“There’s a timing element of this in terms of what’s going on at the CRTC. As you know, we are attempting to get into the wireless space and acquire spectrum over time. It’s not enough to launch an operation and we’ve proposed a hybrid MVNO framework to the CRTC which is being reviewed. We’re expecting some response from the CRTC as an industry eventually during the process of doing it now. So, obviously, taking Cogeco out of the equation for Rogers, it’s probably part of the equation to launch a hostile bid right now”  Cogeco at the BMO Capital Markets Media & Telecom Conference


The “hybrid MVNO” model as proposed would only allow companies with existing telecom infrastructure to resell wireless services. Since Cogeco is essentially the only meaningful broadband company without wireless services (other regional players like Shaw and Quebecor both own spectrum), Cogeco’s proposal is simply for the CRTC to allow Cogeco to be the 4th national wireless player. This allows Cogeco to both play defense by increasing its service’s stickiness compared to third-party internet resellers, but also to go on the offensive by adding wireless services to its bundle. Cogeco has for years sought for the CRTC to regulate wholesale pricing to allow it to be the 4th national competitor and it makes no sense for Cogeco to sell out at a time when its long-desired prize is finally in sight.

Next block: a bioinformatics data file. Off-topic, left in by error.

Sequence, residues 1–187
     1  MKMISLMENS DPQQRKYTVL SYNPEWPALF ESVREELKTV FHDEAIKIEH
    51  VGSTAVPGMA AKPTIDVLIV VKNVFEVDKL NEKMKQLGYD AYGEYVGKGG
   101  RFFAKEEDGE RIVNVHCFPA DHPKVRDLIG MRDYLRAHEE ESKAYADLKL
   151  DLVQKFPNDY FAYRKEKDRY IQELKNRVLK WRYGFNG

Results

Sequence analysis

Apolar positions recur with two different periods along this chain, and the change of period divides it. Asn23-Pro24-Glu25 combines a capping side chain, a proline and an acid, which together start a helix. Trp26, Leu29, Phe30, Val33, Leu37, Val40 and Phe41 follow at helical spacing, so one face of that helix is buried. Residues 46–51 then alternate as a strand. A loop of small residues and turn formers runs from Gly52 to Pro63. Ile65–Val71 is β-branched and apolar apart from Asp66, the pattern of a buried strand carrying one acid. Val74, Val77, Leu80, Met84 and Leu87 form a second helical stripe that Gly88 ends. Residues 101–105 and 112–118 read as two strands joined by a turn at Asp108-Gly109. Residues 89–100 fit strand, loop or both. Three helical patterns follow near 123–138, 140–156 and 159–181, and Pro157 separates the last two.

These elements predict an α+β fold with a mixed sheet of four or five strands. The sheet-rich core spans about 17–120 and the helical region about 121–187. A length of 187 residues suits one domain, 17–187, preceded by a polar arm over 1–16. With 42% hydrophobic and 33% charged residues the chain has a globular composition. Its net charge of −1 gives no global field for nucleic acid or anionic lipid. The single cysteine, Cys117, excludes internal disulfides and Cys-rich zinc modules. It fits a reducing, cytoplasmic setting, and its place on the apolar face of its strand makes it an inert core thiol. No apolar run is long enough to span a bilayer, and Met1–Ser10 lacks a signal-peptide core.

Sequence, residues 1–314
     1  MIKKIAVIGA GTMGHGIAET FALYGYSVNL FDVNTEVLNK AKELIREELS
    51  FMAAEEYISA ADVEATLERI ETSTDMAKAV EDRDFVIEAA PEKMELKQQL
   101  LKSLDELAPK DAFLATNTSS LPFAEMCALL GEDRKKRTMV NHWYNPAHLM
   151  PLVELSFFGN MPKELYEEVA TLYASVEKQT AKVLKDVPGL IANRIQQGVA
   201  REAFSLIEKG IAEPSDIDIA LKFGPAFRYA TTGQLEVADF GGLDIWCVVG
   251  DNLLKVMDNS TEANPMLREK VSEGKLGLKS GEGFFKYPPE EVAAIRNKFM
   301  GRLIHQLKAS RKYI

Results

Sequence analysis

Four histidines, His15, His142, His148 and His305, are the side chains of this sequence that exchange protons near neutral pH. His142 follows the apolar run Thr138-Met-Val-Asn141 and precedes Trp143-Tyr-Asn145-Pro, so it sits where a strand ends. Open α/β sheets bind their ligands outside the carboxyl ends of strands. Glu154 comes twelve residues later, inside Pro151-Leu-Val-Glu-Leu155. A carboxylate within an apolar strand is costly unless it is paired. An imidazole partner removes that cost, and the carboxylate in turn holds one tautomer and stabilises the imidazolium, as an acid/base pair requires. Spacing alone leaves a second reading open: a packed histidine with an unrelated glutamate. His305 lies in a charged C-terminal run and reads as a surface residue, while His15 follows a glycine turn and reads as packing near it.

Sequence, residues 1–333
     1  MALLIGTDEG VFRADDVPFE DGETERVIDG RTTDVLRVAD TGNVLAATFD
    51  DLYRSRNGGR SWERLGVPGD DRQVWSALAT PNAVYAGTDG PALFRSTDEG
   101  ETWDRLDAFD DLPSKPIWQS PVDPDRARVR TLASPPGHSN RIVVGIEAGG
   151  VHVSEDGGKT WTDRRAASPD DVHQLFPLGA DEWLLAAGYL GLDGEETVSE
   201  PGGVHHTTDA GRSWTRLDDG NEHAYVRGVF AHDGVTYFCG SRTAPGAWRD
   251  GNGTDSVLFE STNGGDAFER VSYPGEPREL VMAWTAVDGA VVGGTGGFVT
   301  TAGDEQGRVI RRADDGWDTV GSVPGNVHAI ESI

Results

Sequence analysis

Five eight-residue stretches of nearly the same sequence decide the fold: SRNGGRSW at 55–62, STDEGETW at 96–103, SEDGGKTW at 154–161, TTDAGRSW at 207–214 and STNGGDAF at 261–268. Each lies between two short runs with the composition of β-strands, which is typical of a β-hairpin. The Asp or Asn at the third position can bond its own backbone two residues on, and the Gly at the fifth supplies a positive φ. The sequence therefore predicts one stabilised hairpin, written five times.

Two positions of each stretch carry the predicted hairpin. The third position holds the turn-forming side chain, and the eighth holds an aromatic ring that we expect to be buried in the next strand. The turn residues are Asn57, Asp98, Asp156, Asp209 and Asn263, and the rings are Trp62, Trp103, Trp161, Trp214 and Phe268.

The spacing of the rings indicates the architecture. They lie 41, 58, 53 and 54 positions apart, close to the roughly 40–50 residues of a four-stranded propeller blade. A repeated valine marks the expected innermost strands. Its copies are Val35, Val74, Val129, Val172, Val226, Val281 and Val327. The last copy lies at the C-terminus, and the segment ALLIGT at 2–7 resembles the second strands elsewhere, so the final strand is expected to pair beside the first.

What does this mean for existing players? 

Regardless of what happens, regulators have long been looking for ways to increase wireless competition in Canada. However, in 2015, the CRTC studied and decided against mandatory MVNO access due to concerns that this would lead to underinvestment in wireless networks. The Competition Bureau had chimed in with its view that a facilities-based MVNO model (i.e. allowing new challengers to use MVNO access as a bridge to build up their own networks) would be superior to allowing wide open access for anyone to build a wireless business.